Abortion flap highlights larger issue for GOP
Rudolph W. Giuliani sought Friday to recover from his stumbles on abortion, an effort that underscored the trouble faced by top Republican presidential candidates as they try to remake their images to strengthen appeals to social conservatives.
The weeklong dust-up over Giuliani’s abortion stance has also made what was already an unsettled race for the Republican nomination even more so.
In Giuliani’s case, his rhetorical contortions to play down his support for abortion rights have only heightened attention to the gap between himself and the party’s conservative base.
On Friday, the former New York mayor tried to put the issue behind him with a speech to hundreds of Christian conservatives at Houston Baptist University. He called abortion “morally wrong” but stood by his position that women should have “the right to make that choice.”
Addressing voters in general, he said, “You have a right to evaluate this in figuring out if you can support me, and at what level you can support me.”
He also urged an assessment of his record on taxes, crime and terrorism -- areas where his views align with those of his party’s mainstream.
For his chief rivals in the Republican race, Arizona Sen. John McCain and former Massachusetts Gov. Mitt Romney, the spotlight on Giuliani’s abortion views has offered a chance to erode his lead in national polls of GOP voters.
McCain and Romney are far from sure bets in the race for support from social conservatives, a major force in the primaries. But both have made painstaking efforts to gain their trust, most often by emphasizing their opposition to abortion -- a new position for Romney, who ran as a “pro-choice” candidate in Massachusetts.
As Giuliani prepared to speak in Houston, fallout from his efforts to blunt resistance to his abortion rights stand continued.
His biggest problem remained his equivocation at a debate of the GOP presidential candidates last week in Southern California, where he said it would be “OK” if Roe vs. Wade -- the 1973 Supreme Court decision that legalized abortion nationwide -- were overturned, and “OK” if it were upheld.
In an editorial Friday, the Wall Street Journal took Giuliani and his conservative critics to task for stirring anew an abortion debate that, the article asserted, could only harm Republican prospects for retaining the White House in 2008.
“An abortion fight will make the party seem irrelevant to the main voter concerns, or captive to its litmus test interests,” the editorial said.
Giuliani’s adversaries have long seen his liberal stands on abortion, gay rights and gun control as key liabilities. On the stump, he rarely mentions those topics unless prodded by questions. But in his Houston speech, he broached all three in his bid to ultimately return his campaign’s focus to terrorism.
He said he backed gay rights but not same-sex mariage. On gun control, he defended New York laws that limit weapon possession as having helped cut crime, but added that he believed in “the personal right to bear arms.”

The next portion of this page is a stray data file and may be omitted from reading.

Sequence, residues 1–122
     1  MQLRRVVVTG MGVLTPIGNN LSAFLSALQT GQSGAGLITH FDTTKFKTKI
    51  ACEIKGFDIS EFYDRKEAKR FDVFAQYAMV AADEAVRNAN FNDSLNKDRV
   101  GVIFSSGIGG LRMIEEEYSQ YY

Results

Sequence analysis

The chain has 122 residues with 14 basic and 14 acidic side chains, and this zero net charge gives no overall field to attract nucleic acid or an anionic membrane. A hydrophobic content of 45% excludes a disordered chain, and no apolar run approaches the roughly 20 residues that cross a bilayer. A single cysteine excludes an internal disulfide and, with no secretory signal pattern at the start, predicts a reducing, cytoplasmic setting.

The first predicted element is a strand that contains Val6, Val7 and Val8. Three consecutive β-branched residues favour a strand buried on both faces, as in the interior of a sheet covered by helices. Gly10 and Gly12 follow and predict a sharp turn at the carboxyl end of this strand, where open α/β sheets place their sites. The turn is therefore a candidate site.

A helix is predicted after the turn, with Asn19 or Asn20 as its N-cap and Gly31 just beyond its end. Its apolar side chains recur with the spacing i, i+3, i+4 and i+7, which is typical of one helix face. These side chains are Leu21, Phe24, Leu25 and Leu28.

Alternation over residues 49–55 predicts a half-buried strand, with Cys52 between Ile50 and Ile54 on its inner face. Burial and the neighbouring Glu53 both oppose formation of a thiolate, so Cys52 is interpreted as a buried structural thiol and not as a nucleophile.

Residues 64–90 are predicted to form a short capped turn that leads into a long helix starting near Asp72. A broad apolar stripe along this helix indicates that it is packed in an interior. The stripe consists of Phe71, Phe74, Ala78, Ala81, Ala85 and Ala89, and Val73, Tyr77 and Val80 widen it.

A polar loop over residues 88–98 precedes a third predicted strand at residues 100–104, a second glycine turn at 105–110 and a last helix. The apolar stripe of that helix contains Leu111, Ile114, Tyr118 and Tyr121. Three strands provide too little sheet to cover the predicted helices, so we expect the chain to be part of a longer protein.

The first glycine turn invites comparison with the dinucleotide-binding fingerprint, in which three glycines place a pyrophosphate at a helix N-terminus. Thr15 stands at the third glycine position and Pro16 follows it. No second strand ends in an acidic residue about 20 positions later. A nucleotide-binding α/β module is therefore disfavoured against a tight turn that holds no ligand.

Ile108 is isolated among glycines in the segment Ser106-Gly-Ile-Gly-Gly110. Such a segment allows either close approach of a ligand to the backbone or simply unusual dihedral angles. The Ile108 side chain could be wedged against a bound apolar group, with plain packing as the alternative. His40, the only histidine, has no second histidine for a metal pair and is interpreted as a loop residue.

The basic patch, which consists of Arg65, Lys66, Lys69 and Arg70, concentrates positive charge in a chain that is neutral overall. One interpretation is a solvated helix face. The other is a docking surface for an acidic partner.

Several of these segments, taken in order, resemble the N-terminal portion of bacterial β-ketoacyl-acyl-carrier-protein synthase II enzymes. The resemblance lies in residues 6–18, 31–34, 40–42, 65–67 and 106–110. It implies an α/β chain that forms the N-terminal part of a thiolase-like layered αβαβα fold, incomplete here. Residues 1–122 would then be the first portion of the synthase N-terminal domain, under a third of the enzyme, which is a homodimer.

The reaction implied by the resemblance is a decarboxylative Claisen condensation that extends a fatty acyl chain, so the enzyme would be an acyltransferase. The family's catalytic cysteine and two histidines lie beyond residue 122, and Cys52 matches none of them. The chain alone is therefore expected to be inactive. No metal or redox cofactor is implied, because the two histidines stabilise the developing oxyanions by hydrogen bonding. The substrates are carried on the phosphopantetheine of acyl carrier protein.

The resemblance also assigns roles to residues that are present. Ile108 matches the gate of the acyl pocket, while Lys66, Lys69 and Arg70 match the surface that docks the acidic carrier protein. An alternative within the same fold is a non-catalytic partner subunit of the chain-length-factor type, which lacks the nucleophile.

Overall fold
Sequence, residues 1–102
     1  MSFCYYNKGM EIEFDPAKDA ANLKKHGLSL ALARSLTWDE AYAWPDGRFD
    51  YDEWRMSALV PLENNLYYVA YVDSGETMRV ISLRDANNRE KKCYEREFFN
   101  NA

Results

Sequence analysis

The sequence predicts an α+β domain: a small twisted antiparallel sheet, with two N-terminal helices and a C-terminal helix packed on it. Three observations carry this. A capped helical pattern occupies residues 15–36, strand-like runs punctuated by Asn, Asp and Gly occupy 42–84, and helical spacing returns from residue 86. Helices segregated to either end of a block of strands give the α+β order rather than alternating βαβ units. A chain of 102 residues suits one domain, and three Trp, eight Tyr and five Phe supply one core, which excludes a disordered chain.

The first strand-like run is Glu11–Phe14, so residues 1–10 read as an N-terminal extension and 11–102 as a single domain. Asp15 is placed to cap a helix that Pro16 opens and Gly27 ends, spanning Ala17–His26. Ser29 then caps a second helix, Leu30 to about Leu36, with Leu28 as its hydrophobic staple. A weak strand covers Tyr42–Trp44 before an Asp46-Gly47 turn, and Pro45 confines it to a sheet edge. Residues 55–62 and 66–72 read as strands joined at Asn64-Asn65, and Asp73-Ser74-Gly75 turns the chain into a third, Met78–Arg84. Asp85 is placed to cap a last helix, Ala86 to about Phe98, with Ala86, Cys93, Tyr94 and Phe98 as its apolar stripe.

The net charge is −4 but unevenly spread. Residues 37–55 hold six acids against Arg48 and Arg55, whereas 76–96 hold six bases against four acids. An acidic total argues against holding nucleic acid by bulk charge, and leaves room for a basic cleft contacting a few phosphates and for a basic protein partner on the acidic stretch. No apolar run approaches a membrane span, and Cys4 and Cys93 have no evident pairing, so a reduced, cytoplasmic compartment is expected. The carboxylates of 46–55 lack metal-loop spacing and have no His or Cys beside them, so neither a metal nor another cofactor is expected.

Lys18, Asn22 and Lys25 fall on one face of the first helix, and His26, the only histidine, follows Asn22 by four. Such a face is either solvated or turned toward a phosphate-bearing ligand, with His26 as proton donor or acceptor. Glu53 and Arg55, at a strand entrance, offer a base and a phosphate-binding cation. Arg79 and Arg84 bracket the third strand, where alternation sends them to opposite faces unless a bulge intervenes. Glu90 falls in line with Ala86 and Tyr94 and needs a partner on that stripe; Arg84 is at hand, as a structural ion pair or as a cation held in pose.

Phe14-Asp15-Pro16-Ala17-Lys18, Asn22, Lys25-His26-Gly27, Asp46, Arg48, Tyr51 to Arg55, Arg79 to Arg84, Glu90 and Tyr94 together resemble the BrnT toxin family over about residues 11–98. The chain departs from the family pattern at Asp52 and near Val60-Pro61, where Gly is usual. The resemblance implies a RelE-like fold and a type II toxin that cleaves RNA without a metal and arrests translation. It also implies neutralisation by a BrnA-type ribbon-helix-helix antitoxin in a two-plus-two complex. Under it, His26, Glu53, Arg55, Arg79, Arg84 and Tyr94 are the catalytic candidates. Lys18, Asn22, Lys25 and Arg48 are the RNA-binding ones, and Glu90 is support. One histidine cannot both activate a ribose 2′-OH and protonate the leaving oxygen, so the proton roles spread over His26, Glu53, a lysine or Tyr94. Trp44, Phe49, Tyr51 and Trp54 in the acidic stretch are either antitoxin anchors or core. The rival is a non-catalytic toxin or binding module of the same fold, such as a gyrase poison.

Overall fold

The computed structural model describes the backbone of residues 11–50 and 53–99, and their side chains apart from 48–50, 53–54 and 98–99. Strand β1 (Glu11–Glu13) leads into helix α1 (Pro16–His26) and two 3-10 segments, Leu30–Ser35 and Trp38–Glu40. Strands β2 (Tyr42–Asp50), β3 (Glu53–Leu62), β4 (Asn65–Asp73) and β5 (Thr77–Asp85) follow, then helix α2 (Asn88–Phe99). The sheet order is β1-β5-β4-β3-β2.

In a sign of criticism he can continue to expect, Pat Buchanan, who crusaded for socially conservative causes in three unsuccessful presidential bids, argued in a syndicated column Friday that Giuliani was ill-suited to “lead the family-values party into battle.”
Mocking Giuliani’s pledge to name Supreme Court justices in the conservative mold of Antonin Scalia, Buchanan wrote: “Rudy’s pro-choice, pro-Scalia stance seems intellectually incoherent and politically inexplicable.”
Romney, whose rightward shift on social issues shortly before he launched his presidential campaign has been greeted skeptically by some conservatives, has been most explicit this week in trying to advance amid Giuliani’s turmoil. Speaking Thursday night at an antiabortion group’s dinner in Massachusetts, Romney highlighted his conversion on abortion and his opposition to stem cell research.
“Human life has a profound dignity, undiminished by age or infirmity. And so I publicly acknowledged my error, and joined with you to promote the sanctity of human life,” he said at a dinner sponsored by Massachusetts Citizens for Life.
On the streets outside, a handful of abortion-rights demonstrators marched in flip-flop shoe costumes to dramatize Romney’s reversal on the issue.
McCain, whose support of stem cell research has fueled his tensions with social conservatives, has also emphasized his opposition to abortion rights. John Weaver, his chief strategist, slammed Giuliani this week for donating $900 to Planned Parenthood in the 1990s.
With none of the leading Republicans having consolidated social conservatives’ support, it remains to be seen whether that vote will stay splintered, which could benefit Giuliani.
Also unknown: With the Iraq war, terrorism and other issues changing the mix of issues that Republicans see as most important, how big a part will abortion play in the 2008 nomination contest?
“This has been a critical issue -- probably the top social issue of modern times,” said Andrew Kohut, president of the nonpartisan Pew Research Center for the People & the Press. “It could be that we’ve gotten to the point where other issues are dwarfing it. But it could be that this will be an issue that will give Giuliani significant trouble.”
The Associated Press contributed to this report.